He added that what is meant is «commitment to achieve a comprehensive peace settlement between Kosovo and Serbia, which will guarantee Kosovo a seat in the UN and will enable it to acquire membership in the family of NATO and the EU».
According to the last census in Serbia, about 90 thousand people live in three southern communities of Presevo Valley. The ratio of Serbs and Albanians is as follows: in Presevo – 89% Albanians and 9% Serbs, in Bujanovac – 55% Albanians and 34% Serbs, in Medveja – 26% Albanians and 67% Serbs. Thus, Albanians make up the majority of the population of Presevo and Bujanovac and are “building up” their presence in Medveja. This triggers concerns in Belgrade.
Serbian President Aleksandar Vucic agrees in principle to the division of Kosovo, with Belgrade regaining control of the province’s northern areas, but he is against a “package”, which includes the exchange of the territories of Presevo, Medveja and Bujanovac.
However, what disrupted the signing of an agreement in the spring of 2019 was the negative position of top EU powers: in the first place, France, and especially, Germany. «The territorial integrity of Western Balkans has been formed and cannot be changed», – Chancellor Angela Merkel said: «There have been attempts to start negotiations on the borders but we cannot do it».
After talks between Aleksandar Vucic and Hashim Taci in Berlin in April 2019 resulted in no concrete agreements, the initiative in the negotiating process was assumed by the United States. It was the Trump administration that issued an ultimatum and de facto forced into resignation the Kosovo Cabinet, led by Albin Kurti, a radically minded politician and a staunch opponent to Hashim Taci and any agreements with Belgrade. In addition, Washington got Pristina to lift the restrictive trade tariffs from Serbian goods – something the European Commission had failed to do before.
Speaking of European countries, Austria has come in support of division of Kosovo as a measure to normalize relations between Belgrade and Pristina. «If Serbia and Kosovo agree on a change of border, Austria will support the move», – Austrian Chancellor Sebastian Kurz said as he commented on the situation.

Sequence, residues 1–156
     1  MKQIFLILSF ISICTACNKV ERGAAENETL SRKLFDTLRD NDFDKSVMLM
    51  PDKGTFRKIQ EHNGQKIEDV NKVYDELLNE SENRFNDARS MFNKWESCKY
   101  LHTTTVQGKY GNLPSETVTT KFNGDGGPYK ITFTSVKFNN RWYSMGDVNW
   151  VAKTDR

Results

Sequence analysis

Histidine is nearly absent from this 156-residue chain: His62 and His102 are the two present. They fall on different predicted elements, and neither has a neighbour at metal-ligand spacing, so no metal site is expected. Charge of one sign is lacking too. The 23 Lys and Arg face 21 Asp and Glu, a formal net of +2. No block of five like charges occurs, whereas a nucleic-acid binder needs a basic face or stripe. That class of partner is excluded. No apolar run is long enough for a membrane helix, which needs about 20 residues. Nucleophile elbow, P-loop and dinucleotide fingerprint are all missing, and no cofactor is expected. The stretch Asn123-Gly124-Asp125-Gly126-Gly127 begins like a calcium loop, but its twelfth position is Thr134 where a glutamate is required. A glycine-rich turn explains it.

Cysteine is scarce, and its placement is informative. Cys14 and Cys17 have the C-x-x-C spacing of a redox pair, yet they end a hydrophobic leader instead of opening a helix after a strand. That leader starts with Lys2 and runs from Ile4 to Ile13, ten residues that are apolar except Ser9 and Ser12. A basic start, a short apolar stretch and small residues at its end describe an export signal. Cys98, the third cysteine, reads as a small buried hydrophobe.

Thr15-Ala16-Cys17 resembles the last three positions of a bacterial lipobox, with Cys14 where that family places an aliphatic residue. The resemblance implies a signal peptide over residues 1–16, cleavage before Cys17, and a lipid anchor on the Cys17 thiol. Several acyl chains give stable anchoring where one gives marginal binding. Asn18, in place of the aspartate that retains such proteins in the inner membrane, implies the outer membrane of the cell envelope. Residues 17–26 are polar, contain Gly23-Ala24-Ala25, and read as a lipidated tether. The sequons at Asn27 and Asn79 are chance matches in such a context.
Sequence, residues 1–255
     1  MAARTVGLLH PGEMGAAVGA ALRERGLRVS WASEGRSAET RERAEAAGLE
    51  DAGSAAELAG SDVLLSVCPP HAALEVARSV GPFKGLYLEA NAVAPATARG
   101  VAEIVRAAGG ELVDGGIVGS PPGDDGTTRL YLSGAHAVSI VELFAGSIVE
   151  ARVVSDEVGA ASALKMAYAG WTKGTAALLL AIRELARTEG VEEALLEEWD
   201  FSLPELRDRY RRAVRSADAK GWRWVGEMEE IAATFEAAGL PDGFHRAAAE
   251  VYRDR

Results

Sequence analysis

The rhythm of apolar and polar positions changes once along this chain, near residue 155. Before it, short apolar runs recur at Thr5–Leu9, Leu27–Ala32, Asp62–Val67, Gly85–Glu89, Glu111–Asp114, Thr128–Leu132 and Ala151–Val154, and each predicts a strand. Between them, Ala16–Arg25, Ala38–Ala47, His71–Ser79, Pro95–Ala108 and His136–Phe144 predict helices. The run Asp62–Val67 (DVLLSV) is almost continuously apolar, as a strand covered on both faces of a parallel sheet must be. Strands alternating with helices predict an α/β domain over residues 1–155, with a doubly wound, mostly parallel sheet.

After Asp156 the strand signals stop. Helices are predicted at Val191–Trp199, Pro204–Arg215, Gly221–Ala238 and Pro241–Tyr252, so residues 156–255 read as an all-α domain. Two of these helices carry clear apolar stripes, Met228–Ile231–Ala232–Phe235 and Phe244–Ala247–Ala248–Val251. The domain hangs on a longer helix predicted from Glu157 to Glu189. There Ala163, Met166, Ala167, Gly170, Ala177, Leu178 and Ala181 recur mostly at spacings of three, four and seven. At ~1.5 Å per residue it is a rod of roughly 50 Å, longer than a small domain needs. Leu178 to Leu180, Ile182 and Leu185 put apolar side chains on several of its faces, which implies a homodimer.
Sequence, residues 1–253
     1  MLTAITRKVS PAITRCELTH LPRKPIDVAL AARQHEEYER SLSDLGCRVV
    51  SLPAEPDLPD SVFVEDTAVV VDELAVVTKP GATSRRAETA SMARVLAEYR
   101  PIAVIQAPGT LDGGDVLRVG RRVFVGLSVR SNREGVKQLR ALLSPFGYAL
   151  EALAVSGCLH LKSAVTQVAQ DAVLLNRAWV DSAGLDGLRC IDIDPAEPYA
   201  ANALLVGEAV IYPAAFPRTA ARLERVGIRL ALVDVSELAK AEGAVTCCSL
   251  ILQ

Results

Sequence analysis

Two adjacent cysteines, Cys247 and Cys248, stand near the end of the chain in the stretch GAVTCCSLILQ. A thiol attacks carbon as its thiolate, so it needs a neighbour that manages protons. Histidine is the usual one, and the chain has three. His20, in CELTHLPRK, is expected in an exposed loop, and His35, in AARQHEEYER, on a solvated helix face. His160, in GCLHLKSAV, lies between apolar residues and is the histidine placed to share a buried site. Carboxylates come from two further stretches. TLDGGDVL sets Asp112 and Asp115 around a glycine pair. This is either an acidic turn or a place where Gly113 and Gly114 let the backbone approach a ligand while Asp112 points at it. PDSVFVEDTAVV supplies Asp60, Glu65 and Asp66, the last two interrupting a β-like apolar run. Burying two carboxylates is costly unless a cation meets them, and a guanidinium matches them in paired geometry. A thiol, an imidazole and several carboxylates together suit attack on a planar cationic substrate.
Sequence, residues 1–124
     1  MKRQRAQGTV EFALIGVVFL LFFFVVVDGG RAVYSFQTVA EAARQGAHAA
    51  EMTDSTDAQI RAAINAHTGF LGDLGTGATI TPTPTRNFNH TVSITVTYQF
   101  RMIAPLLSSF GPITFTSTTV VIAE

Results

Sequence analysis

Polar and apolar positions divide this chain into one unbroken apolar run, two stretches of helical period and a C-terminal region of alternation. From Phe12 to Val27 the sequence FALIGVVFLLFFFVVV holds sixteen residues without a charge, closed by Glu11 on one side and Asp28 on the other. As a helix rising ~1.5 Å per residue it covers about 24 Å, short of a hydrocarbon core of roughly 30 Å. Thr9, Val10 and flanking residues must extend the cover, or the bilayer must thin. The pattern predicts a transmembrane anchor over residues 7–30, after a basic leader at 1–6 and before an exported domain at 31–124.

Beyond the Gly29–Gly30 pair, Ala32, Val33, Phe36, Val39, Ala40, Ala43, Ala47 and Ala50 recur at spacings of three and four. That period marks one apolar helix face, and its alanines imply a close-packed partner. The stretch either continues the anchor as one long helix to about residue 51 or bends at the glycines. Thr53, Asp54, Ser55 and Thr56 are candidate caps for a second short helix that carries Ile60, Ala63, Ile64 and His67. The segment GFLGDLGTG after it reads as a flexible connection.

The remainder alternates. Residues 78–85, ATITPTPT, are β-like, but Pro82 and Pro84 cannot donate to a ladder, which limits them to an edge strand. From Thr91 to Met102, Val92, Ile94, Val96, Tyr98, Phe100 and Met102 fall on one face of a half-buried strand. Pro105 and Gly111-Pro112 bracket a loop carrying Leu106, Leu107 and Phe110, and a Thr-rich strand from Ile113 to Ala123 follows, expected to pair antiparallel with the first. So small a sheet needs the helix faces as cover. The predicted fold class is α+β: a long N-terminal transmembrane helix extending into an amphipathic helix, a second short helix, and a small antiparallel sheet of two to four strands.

Nevertheless, a whole range of political issues has to be clarified if regional stability is to be achieved and not come under threat.
First of all, these issues embrace the territorial aspect of the “package” agreement, including the list of regions which are covered by it. Apparently, the exchange of territories of Northern Kosovo for the Serbian communities of Presevo Valley, which was proposed by Hashim Taci, does not appear to be fair from the point of view of the Serbian president, let alone for radically minded Serbian parties and politicians, who used this to mount their campaign in the run-up to parliamentary elections, scheduled for June 21st.
Secondly, Brussels’ approval of a new carve-up of the Balkan borders will inevitably give fresh impetus to debates on the creation of “Greater Albania” – a state which would incorporate Albania proper, the larger part of Kosovo, Presevo Valley, parts of Macedonia, Montenegro, and probably, Greece, with a projected population of about 10 million people. These concerns are far from groundless.
Leaders of neighboring Albania acknowledge the inviolability of the existing borders. In 1992, the then Albanian leader Sali Berisha announced that “the idea of establishing “Greater Albania” was alien to Albanian ruling circles and political forces». However, in 2011 Azgan Haklaj, a member of the Presidium of the Democratic Party of Albania, said openly during his visit to Presevo that allAlbanian territories should be united to form one state. The incumbent Prime Minister of Albania, Edi Rama, keeps emphasizing that for Tirana, unification of Albania and Kosovo represents the so-called “Plan A”, while division of Kosovo should be viewed as a move in this direction. According to opinion polls, the plan to turn Albanian borders into “ethnic” ones (that is, to include in them all Albanian-populated areas in the Balkans) is backed by more than 80% of the population of Kosovo, over 70% of residents of Albania, and by more than half of Macedonian Albanians.